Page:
During the day, we will have short, five-minute presentations for each participant to highlight the core ideas in their paper and how they relate to the workshop topic. The main part of the day will involve a design exercise, in mixed groups based on expertise. In this exercise, participants will work on different aspects of a specific scenario, revolving around our three main themes: Algorithmic, Conceptual, and Interaction Techniques/UI Design. The last part of the workshop will be dedicated to re-writing a "solution" for the scenario, using comments, observations, and technologies from all the participants.

If people are willing, participants could all go out to dinner the previous night in order to get to know each other before the workshop.

We expect about ten participants, but this could expand if more submissions are received.


Participants will be selected on the basis of position papers submitted prior to the workshop. Proposals should be no longer than six pages in the ECSCW conference format and can address any one of our three themes (Algorithmic, Conceptual, Interaction Techniques/UI Design) individually, or any combination of them. Papers should be clear regarding which elements are conceptual or theoretical and what has been implemented/verified. Where relevant, details should be given about the type of community (e.g., work, leisure), and important contextual factors and social interactions supported. Position papers should explain how the author’s work relates to the workshop theme. We are particularly interested in seeing perspectives at a variety of levels, ranging from meta views to micro-scale analyses.

Submissions should be sent to by June 20, 2005. Position papers will be reviewed by the workshop organizers and notification of acceptance will be given by the first week of July.

We encourage a wide range of participants from diverse backgrounds.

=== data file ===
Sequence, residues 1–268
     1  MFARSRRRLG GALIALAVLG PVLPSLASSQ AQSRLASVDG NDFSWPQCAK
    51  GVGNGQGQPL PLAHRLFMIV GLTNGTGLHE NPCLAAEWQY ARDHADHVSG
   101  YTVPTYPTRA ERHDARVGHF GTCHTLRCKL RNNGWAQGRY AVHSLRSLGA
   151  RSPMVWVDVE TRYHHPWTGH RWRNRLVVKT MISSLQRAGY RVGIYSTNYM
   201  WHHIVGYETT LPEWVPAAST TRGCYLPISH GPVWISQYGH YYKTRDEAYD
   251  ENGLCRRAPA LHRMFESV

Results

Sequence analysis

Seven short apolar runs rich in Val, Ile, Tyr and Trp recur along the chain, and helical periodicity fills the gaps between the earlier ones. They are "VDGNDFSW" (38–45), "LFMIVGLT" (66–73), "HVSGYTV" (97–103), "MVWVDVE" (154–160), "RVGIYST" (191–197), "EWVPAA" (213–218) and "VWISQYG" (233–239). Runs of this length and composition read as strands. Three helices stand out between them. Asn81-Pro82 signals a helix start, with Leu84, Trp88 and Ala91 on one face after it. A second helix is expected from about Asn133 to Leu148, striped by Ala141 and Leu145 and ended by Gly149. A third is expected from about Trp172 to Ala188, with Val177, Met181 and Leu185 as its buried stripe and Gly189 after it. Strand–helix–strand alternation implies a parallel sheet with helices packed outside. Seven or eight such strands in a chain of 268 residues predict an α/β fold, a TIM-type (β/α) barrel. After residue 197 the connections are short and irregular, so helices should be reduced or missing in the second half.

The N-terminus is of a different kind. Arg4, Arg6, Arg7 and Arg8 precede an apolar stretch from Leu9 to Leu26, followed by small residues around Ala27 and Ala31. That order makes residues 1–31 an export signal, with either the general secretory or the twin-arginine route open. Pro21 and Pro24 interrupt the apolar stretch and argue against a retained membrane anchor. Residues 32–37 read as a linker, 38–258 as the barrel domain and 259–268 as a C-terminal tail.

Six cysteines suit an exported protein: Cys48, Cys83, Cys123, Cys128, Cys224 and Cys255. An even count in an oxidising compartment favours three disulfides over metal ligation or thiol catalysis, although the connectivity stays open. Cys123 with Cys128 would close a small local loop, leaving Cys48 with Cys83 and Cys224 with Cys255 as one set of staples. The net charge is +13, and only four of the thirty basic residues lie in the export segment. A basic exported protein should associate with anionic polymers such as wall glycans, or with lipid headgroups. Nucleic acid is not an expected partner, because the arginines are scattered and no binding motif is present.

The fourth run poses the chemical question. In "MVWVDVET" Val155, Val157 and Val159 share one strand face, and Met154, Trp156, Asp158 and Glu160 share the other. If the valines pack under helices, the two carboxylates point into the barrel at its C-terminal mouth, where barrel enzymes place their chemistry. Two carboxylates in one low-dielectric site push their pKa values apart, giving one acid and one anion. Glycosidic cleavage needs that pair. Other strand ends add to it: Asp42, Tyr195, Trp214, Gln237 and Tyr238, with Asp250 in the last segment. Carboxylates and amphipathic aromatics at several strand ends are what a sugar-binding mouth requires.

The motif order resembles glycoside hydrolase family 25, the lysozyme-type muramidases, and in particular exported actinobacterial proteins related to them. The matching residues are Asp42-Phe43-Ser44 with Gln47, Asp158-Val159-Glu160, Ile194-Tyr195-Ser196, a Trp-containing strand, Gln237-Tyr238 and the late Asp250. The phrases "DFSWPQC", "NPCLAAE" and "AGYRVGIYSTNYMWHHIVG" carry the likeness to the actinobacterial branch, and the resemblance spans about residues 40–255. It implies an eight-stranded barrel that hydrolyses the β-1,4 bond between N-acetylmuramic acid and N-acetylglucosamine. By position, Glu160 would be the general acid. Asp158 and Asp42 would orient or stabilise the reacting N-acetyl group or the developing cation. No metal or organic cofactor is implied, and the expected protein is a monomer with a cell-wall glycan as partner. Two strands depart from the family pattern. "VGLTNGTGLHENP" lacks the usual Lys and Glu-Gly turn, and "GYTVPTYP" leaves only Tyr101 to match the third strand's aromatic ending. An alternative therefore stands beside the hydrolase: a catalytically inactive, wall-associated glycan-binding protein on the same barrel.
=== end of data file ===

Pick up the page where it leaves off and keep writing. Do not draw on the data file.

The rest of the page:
Important Dates

Deadline for paper submissions June 20, 2005
Notifications to authors First week of July, 2005
Deadline for early registration to ECSCW July 20, 2005
Camera-ready copy TBA
Date of the workshop September 18 or 19, 2005


TBD after July 20, 2005.


The proceedings will include accepted full papers. They will be distributed on-site to the workshop participants, and will also be available on-line (after the workshop) on this web page.

Organizers' Bios

Natalia Marmasse is a researcher in the Collaboration Technologies Group at IBM Research, Haifa Lab. She joined IBM after finishing her PhD at the MIT Media Lab. Natalia has spent the last few years designing and building context-aware information systems, including comMotion and WatchMe.

Vladimir (Vova) Soroka manages the Collaboration Technologies group of the IBM Haifa Research Lab. He holds a B.Sc. degree in Computer Sciences from the Technion, the Israeli Institute of Technology, and an M.A. degree in Social Sciences and Communication from Haifa University. His research interests include Internet applications, Web collaboration and presence awareness, and Internet as a mass medium. Mr. Soroka is co-author of journal and conference papers in the area of Computer Supported Collaborative Work.

Quentin (Gad) Jones is an Assistant Professor at the New Jersey Institute of Technology, where he is the PI of a number of grants exploring location aware community systems including NSF-DST Collaborative: Mark This! - operationalizing the notion of ‘place’ for interactive community systems. He is also the Co-Director of NJIT’s new SmartCampus initiative where a variety of P3-Systems are being developed and deployed. Prior to his current position, Quentin was a researcher at AT&T Labs, New Jersey and a Ph.D. student at Haifa University and Hebrew University Israel.

Christine Halverson is a researcher in the Social Computing Group at IBM Research. She is involved in the development and analysis of systems to help work groups interact collaboratively over networks. Her analytic approaches have included visualizations, linguistic analysis, online participation, and observations among others. Her research group has designed and deployed a number of online systems including BABBLE & Loops.

Related Workshops

Brignull, H., Choudhury, T., Izadi, S., Kindratenko, V., Streitz, N., Morris, M., Pointer, D. (2004) 2nd International Workshop on Supporting Social Interaction & Face-to-Face Communication in Public Spaces, Ubicomp 2004.

Tullio, J., Begole, J., Horvitz, E. and Mynatt, E. (2004) Forecasting Presence and Availability. International Conference on Human Factors in Computing Systems ,CHI 2004.

Jones, Q., and Halverson C. (2003) The Role of Online Community Spaces in Shaping Virtual Community Interactions. International Conference on Communities and Technologies, September 2003, Amsterdam, Netherlands.

Borovoy, R., Brignull, H., Izadi, S., Kindratenko, V., Lightman, A., Streitz, N. (2003) Supporting Social Interaction & Face-to-Face Communication in Public Spaces, Ubicomp 2003.

Jones, Q. and Halverson, C. (2002) The Role of Place in Shaping Virtual Community, CSCW 2002

Mark Billinghurst, M., Gellersen, H.W., Kortuem, G. (2002) Mobile Ad Hoc Collaboration, CHI 2002